MIL-OSI UK: What has – and hasn’t – changed on Brexit this week

Source: Labour List UK

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It’s been a long and dramatic week in Westminster, but what has actually changed? Jeremy Corbyn made a big speech on Brexit, which told us what we already knew about Labour’s position, i.e. push for general election, get a better deal. For some reason, pundits were surprised that there was nothing new in the speech, though announcing a policy shift now – before the Tuesday vote – would have made little sense. The purpose of the Labour leader’s address was basically, as I understand, to achieve the goals set out in yesterday’s email: communicating his top priority of forcing an election and establishing a narrative that works for Labour.

Theresa May’s deal is still going to heavily defeated – by more than 200 votes according to most estimates. Only one Tory backbencher, George Freeman, has changed his vote and taken the ‘my deal or no deal’ bait; so far, the majority of MPs aren’t convinced by her ultimatum. As Angela Eagle writes for LabourList today, this failure is down to the Prime Minister’s consistent approach ruled by her “partisan and authoritarian instincts”, which have further divided the country and parliament and done nothing to heal our wounds.

We now hear that May has been on the phone to trade union leaders in a desperate bid to shore up support for her deal. This move has surprised many, but the most puzzling choice is not that she approached Unite’s Len McCluskey and GMB’s Tim Roache yesterday, but that she took so long to do so. And she only did so after it was requested by Labour backbenchers – the ‘inbetweeners’ group including Lisa Nandy and Caroline Flint, who campaigned for Remain but represent Leave seats. They themselves, despite having spent months openly considering voting for a Tory deal, were only invited to Downing Street this week. It’s important to note that Gareth Snell, who was at that meeting, still intends to vote against the deal. Too little, too late, Theresa May.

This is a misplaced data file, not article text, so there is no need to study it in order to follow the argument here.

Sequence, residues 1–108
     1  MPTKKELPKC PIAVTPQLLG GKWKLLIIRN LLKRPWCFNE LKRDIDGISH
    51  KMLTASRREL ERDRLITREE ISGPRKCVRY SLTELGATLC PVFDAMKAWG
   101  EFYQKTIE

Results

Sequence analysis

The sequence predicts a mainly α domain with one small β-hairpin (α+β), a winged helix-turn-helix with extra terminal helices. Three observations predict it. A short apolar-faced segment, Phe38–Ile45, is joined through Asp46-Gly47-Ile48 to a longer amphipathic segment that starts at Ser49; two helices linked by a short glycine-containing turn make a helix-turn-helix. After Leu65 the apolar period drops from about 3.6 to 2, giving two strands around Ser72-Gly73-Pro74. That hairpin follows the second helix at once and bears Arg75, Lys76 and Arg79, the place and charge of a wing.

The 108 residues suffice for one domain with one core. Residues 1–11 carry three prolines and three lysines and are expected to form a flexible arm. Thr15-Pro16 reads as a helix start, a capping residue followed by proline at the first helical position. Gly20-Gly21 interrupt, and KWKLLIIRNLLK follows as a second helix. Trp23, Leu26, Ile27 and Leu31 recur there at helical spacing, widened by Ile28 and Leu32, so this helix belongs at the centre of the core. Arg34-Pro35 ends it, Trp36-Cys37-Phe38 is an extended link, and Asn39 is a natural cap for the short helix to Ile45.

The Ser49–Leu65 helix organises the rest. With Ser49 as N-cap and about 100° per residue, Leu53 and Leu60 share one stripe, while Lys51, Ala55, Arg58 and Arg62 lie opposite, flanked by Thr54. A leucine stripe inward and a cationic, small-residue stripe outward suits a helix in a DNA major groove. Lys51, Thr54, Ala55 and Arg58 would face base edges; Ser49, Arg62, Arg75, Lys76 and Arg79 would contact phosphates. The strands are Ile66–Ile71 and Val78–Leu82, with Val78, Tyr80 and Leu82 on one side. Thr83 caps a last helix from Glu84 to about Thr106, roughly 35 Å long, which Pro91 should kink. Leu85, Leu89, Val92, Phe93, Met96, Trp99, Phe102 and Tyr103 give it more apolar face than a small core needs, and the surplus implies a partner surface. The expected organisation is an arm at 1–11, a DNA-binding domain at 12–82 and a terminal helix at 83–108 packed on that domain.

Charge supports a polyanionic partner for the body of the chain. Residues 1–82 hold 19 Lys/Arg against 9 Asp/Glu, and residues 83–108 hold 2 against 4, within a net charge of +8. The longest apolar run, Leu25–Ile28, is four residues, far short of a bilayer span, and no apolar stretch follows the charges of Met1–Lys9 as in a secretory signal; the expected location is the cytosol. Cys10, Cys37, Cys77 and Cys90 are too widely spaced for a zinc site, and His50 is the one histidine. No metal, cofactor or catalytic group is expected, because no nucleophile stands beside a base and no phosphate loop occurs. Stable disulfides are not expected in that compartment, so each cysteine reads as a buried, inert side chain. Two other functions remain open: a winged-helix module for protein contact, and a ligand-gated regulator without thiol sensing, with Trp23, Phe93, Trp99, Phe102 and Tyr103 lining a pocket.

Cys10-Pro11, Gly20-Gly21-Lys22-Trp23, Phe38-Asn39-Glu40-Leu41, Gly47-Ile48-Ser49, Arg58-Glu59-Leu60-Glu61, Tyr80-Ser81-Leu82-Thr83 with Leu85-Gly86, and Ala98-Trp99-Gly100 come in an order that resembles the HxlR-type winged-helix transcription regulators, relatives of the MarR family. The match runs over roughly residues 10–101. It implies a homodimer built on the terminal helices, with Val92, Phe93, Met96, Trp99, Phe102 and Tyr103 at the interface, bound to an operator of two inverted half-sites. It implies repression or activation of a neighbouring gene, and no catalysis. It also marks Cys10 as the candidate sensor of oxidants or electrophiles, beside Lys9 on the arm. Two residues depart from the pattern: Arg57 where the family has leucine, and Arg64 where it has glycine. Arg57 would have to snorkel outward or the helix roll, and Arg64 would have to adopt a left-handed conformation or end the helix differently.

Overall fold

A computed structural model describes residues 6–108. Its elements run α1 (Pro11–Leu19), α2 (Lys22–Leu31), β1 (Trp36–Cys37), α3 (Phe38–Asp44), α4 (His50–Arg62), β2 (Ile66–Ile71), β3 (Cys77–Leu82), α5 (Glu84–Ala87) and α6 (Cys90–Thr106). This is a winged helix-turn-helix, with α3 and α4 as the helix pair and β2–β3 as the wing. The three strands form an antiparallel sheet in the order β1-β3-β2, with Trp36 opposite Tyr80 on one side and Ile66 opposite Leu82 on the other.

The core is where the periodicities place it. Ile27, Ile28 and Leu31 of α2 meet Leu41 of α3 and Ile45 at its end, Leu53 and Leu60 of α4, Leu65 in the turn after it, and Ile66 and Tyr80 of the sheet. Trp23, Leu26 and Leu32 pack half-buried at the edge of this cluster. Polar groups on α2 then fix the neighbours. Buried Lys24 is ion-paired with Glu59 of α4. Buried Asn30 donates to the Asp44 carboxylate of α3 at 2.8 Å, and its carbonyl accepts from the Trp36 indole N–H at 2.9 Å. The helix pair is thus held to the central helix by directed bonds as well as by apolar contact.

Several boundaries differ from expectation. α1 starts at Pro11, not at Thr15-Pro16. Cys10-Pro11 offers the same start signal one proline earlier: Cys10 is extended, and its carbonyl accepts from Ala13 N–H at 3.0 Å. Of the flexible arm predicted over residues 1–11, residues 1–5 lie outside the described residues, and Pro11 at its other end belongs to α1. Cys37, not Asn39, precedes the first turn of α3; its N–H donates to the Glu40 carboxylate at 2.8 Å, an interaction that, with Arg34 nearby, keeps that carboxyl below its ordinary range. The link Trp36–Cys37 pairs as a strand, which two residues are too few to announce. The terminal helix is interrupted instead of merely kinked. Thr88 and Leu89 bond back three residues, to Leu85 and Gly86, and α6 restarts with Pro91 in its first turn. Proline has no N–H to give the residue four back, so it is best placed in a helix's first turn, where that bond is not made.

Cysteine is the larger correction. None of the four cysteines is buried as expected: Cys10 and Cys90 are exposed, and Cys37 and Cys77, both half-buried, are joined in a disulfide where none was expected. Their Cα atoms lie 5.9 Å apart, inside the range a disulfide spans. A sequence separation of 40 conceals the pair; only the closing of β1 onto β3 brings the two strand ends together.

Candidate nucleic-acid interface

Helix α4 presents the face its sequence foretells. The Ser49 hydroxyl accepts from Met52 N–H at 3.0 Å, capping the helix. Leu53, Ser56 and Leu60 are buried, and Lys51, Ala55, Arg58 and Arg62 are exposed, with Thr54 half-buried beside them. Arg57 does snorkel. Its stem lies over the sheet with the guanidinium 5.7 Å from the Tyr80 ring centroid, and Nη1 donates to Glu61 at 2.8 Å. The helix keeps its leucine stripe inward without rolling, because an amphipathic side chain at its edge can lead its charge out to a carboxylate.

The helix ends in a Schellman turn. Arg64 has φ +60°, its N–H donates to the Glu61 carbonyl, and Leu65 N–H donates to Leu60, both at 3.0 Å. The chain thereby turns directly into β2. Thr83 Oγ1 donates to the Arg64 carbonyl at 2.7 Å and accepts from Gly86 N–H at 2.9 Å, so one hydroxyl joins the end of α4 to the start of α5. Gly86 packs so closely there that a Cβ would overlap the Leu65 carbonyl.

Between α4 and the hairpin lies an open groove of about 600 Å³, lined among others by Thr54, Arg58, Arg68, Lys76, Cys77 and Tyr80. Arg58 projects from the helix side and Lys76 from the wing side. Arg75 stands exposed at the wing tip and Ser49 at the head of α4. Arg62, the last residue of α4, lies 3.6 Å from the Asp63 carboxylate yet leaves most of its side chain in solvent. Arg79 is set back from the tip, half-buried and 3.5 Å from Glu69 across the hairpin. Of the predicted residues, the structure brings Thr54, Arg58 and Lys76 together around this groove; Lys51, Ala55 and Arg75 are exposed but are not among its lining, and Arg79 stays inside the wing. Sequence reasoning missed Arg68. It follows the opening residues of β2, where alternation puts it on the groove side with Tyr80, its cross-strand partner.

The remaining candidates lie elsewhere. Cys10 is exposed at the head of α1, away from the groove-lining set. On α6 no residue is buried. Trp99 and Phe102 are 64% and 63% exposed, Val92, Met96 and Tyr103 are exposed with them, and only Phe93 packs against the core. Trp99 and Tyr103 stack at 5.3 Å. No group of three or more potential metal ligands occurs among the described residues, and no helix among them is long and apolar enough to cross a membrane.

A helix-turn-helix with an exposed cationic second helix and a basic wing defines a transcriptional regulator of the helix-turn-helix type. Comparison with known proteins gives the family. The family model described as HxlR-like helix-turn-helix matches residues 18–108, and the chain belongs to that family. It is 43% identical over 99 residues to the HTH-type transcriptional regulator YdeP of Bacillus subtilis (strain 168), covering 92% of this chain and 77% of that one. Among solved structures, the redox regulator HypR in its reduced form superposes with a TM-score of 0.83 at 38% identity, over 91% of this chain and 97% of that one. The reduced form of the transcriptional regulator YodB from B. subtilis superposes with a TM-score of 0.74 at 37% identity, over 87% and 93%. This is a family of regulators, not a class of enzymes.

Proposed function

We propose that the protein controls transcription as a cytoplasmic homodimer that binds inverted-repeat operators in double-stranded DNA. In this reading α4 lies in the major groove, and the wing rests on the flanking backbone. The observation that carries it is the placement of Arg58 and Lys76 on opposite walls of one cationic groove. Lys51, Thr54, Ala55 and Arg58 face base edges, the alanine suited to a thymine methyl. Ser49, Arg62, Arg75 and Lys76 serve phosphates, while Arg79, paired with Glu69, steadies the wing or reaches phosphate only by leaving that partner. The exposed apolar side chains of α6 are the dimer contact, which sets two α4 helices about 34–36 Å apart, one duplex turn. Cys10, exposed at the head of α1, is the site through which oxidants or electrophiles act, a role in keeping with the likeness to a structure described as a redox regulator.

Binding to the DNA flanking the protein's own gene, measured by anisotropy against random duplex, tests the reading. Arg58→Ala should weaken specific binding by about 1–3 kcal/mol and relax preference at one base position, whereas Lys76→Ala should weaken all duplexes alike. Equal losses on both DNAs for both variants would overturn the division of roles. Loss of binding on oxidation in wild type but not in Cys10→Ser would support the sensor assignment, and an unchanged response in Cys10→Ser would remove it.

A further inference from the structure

This morning, appearing on Radio 4’s Today, Jeremy Hunt argued that the week’s events proved Speaker Bercow would “frustrate the government at any opportunity” and MPs would “find a way” to block no-deal. Rejecting May’s deal could mean “paralysis”, the Foreign Secretary said. The government is making last-ditch efforts to appeal to Labour MPs, but also to its own Brexiteers here. Can that multipronged approach work, or does it just make everyone unhappy and distrustful? The crucial question is whether May, after suffering a heavy defeat on Tuesday, will U-turn on customs union membership and put all her eggs in Labour’s basket.

Have a great weekend, and remember to take our new (and very quick) survey on the last ten years of Labour leaders, events and campaigns.

Sienna @siennamarla

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MIL-OSI UK: Could a workers’ rights amendment win Labour backing for May’s deal?

Source: Labour List UK

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Today is the tenth birthday of LabourList, which launched on 10th January 2009. First edited by Derek Draper, whose dramatic entry and exit from the project remains unrivalled (so far), the site was then under the helm of Alex Smith, Mark Ferguson and Peter Edwards, all of whom contributed brilliant reporting and helped grow this mailing list, which now has over 37,000 subscribers. I’ve only been in post less than a year, but hope I have provided some clarity and useful analysis in these interesting times. To mark the occasion, I’ve rounded up the most-read comment pieces of the last ten years and made an anniversary survey, where you can quickly offer your views on the last decade of Labour leaders, events and campaigns.